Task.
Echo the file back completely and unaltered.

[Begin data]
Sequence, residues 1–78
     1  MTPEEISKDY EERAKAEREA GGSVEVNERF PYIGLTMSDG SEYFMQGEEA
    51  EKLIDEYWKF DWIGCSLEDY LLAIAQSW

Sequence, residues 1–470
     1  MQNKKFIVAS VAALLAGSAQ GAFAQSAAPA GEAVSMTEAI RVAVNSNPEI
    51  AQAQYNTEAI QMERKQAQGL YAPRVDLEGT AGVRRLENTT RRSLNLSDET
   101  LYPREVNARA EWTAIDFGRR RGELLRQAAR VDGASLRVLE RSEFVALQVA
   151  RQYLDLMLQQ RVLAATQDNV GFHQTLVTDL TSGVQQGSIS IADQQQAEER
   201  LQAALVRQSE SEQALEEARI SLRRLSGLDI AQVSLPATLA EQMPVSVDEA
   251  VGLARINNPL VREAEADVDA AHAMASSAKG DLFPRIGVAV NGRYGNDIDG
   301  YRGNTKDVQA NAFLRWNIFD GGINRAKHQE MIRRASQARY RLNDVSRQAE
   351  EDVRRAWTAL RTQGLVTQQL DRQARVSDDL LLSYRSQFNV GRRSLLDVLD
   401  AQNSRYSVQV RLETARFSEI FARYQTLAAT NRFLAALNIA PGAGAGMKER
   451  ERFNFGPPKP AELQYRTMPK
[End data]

Sequence, residues 1–78
     1  MTPEEISKDY EERAKAEREA GGSVEVNERF PYIGLTMSDG SEYFMQGEEA
    51  EKLIDEYWKF DWIGCSLEDY LLAIAQSW

Sequence, residues 1–470
     1  MQNKKFIVAS VAALLAGSAQ GAFAQSAAPA GEAVSMTEAI RVAVNSNPEI
    51  AQAQYNTEAI QMERKQAQGL YAPRVDLEGT AGVRRLENTT RRSLNLSDET
   101  LYPREVNARA EWTAIDFGRR RGELLRQAAR VDGASLRVLE RSEFVALQVA
   151  RQYLDLMLQQ RVLAATQDNV GFHQTLVTDL TSGVQQGSIS IADQQQAEER
   201  LQAALVRQSE SEQALEEARI SLRRLSGLDI AQVSLPATLA EQMPVSVDEA
   251  VGLARINNPL VREAEADVDA AHAMASSAKG DLFPRIGVAV NGRYGNDIDG
   301  YRGNTKDVQA NAFLRWNIFD GGINRAKHQE MIRRASQARY RLNDVSRQAE
   351  EDVRRAWTAL RTQGLVTQQL DRQARVSDDL LLSYRSQFNV GRRSLLDVLD
   401  AQNSRYSVQV RLETARFSEI FARYQTLAAT NRFLAALNIA PGAGAGMKER
   451  ERFNFGPPKP AELQYRTMPK